Posts tagged motherhood
Posts tagged motherhood
Although I have decided to breastfeed our son for the first several months, I looked into ways to save money if formula feeding became necessary. Here’s two ways I found to save yourself some money on formula that require almost zero effort.
1. Ask your for samples. Pharmacy reps frequent doctors offices to give them free trial packages of medicines and formula companies tend to do the same. Next time you are at your OB, midwife, or pediatrician, ask if they have any coupons or formula samples. Some popular baby stores also give you coupons. When I created my registry at Babies R Us and Target they both had goody bags with coupons and even a bottle and formula samples. So far I have received 6 bottles of infant formula with nipples, a bottle, 2 packets of formula, 4 coupon booklets, a pregnancy journal, and a handy traveling case that I converted into a makeup bag (it just didn’t look like something I’d carry with me everywhere!).
2. Register for freebies. Enfamil and Similac both have membership programs that are completely free to sign up for and offer great deals. A couple months after joining the Enfamil program I even received 2 cans of baby formula absolutely free. They also send out loads of coupons that expire in different time frames so you should have a pretty constant flow of savings.
Theres a slew of online sites and local thrift stores that offer great deals on baby gear, but here’s a fresh new idea that you may find worth trying….
My mother runs a daycare and often hears stories of how quickly the kids grow out of their clothes and the mothers don’t know what to do with them besides having a rummage sale every couple of months (which nobody really wants to do). One of the moms has a child who was born during the same season our little guy is due and still had all of his clothing and baby things. Since she was so desperate to get rid of everything, we were able to purchase several outfits, an entire set of Tommee Tippee bottles, a Diaper Genie, a bouncy seat, and a play mat for $40.
The lesson? If you are taking your child to a sitter with other kids or a daycare or you know someone who works at a daycare, have them keep an eye out for kids who would wear the same size/season as your child. Offer the mother to help take some of the old items off of her hands when she’s ready and chances are she will be very grateful. If your care center has a bulletin board you may even post a “baby gear wanted” sign, even before your baby goes there (as long as the staff approves, of course). A lot can be said for using connections outside of just your immediate friends and family. The mommy with too much stuff gets her closets cleaned and your little tyke gets their closet filled!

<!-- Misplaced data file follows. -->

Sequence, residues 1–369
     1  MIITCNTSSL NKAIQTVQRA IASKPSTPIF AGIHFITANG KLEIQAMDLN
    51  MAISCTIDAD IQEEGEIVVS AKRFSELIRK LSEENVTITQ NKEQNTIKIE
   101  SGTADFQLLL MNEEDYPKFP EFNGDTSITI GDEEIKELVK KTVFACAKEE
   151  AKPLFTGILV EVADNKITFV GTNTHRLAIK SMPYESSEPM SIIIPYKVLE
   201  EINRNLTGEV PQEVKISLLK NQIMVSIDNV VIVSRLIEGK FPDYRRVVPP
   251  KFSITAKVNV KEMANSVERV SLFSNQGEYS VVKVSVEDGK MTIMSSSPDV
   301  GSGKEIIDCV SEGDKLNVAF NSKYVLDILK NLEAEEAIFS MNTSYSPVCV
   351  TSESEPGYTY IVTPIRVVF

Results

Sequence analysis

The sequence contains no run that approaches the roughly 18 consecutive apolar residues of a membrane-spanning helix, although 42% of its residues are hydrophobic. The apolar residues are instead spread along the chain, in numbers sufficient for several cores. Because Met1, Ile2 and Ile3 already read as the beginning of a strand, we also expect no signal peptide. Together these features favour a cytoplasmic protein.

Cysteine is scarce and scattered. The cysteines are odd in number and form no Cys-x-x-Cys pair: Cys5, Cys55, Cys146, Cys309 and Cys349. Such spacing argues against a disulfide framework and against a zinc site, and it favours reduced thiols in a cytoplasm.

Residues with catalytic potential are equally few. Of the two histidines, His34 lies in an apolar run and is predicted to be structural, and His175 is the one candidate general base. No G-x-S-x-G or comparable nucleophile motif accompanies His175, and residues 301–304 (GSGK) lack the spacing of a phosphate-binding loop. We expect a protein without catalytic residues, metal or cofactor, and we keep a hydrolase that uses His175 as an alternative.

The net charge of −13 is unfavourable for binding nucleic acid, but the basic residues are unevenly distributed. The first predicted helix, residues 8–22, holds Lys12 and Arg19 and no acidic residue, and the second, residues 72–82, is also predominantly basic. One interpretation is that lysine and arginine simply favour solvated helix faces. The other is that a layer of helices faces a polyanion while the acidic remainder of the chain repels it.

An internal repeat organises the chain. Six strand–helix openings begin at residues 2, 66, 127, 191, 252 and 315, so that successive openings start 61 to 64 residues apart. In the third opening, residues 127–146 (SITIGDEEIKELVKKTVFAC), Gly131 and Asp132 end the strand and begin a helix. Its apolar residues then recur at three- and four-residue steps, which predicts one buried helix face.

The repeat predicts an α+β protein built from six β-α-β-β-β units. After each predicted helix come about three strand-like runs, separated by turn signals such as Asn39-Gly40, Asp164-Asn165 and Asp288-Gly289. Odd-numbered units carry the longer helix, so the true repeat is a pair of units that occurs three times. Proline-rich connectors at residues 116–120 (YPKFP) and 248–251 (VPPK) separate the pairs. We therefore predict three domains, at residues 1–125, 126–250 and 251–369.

In recent years some experts have said that it is not necessary to sterilize bottles at home due to better clean water practices by most cities (webmd), but many new moms still find themselves wondering how on earth to make sure baby is drinking from a clean cup. After my baby shower I made it my mission to get to the bottom of the whole bottle sterilizing debate (some sites such as babycenter.com still recommend it just to be on the safe side) since for some reason nobody bought me the $30 bottle sterilizer I registered for. And here’s why…. you don’t need one. Microwave and steam bottle sterilizers range in price from around $20 on up. Sure, they may get the job done in 2 minutes and they may have a nice holding rack or other fancy features, but you can get perfectly sanitized bottles at home with what you have in your cabinets already. I learned this from pretty much every female family member I know, and they learned it from the generations before them. Home bottle sterilizing is still widely accepted and if you haven’t gone out and bought a commercial sterilizer yet I’ll share with you so you can save a little money and room on your baby registry. If you think it’s too time consuming, think about this: I sterilized our bottles while I was cooking. Since I had to wait for the water to boil for our spaghetti noodles, I figured I might as well put the water to boil for the bottles at the same time. It all worked out so well that I’ve decided that weekly pasta night will also be bottle sanitizing night. Since time is money, there’s saving a little more right?
Here’s what you need:
A large pan
A mat or clean spot to dry bottles
1. Heat water to boiling in the large pan.
2. Completely disassemble bottles.
3. Once water is boiling, use tongs (to avoid splashing) to place bottle parts in water.
4. Allow bottles to boil at least 5 minutes, making sure that all parts are submerged (no bottles just floating on top).
5. Use tongs to remove bottle parts and place on drying rack, mat, or other clean spot to dry.